Science:  Discussed:  What do you think will happen if we put a plant in colored water?  Invited the children to explore sucking air through straws.  Then, the children tried again with water.  We set out a few cups of water and invited the children to help choose a color of food coloring(darker colors work best).  Invited them to put a celery stalk(or carnation) in each cup and observed what happens over time and encourage the children to draw pictures of what happens.  Explained that the water travels upward through the stem and delivers nutrients to the leaves.    

Mathematics and Reasoning: Discussed:  How does the length of a stem compare to the length of your fingers.  Had the children explore the outdoor space and measure items as compared to their fingers.  Can they find a stem?  Encouraged the children to cut the ruler from his Stem Investigation sheet.  Had the children to choose two items from nature(or foods) that have stems and traced around each item on the sheet then measure the stems and record the answers in inches.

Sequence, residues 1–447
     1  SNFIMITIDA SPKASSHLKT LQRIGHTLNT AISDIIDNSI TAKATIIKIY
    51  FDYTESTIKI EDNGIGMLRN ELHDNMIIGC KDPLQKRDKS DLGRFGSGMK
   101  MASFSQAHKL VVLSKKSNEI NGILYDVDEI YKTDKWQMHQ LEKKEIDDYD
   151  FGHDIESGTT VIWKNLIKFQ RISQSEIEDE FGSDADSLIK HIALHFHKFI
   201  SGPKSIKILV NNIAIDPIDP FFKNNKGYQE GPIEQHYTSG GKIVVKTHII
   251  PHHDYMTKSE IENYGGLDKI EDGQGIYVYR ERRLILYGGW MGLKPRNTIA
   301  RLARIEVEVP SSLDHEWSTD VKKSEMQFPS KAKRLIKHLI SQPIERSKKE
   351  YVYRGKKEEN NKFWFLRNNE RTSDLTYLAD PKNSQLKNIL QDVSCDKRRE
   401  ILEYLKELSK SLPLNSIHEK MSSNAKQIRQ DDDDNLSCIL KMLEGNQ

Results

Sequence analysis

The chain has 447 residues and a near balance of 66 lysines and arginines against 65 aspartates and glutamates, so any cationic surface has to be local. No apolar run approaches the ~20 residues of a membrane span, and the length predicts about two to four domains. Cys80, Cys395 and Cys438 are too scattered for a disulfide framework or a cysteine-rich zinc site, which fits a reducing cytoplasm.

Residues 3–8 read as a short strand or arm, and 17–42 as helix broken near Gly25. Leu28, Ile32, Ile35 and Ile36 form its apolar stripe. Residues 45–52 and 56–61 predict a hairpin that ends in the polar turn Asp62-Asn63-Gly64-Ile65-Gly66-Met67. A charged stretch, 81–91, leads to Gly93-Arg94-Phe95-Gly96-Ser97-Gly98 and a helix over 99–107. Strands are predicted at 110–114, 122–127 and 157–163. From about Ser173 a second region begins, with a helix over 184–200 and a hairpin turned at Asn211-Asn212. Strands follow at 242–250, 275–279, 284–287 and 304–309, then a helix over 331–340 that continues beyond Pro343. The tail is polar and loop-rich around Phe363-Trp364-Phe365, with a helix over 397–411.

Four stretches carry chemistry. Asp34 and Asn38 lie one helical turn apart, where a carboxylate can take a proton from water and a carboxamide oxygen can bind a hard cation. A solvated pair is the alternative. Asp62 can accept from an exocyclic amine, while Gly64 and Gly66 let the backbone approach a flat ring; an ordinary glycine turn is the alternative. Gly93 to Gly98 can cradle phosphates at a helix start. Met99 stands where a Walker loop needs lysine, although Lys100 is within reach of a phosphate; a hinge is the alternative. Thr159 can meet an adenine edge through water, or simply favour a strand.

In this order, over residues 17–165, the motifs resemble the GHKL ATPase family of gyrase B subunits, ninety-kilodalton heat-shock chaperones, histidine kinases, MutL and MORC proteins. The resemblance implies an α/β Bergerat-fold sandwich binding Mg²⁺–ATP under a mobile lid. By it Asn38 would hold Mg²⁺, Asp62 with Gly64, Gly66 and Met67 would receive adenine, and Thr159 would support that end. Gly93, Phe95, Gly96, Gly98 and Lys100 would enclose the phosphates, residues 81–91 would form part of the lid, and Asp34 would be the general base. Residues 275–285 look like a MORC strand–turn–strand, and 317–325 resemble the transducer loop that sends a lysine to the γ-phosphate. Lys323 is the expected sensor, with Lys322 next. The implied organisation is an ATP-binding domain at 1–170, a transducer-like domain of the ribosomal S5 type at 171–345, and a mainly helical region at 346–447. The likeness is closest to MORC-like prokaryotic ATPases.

Science:  What do you know that cracks open?  We set out dry beans and invited the children to explore them with their hands.  What do they discuss?  Also had the children select a bean and place it in a plastic zipper bag with a wet paper towel and place in the sunlight and watch the bean seed crack open and sprout over time.  Explained that some beans don’t actually need the soil and can grow with just water and sunlight.  

Afternoon Centers:   Center 1-  Seed Story- Had the children make fingerprint seeds in each section on the Seed Story sheet.  They then drew details for the three stages of growing seed (seed-sprout–stem-leaves).  Invited each child to tell the story of how the seed grows into a plant.  Which plant did he or she draw?

Friday: Mother’s Day

May 8, 2015   //   by Miss Kim   //   Daily Lessons  //  Comments Off on Friday: Mother’s Day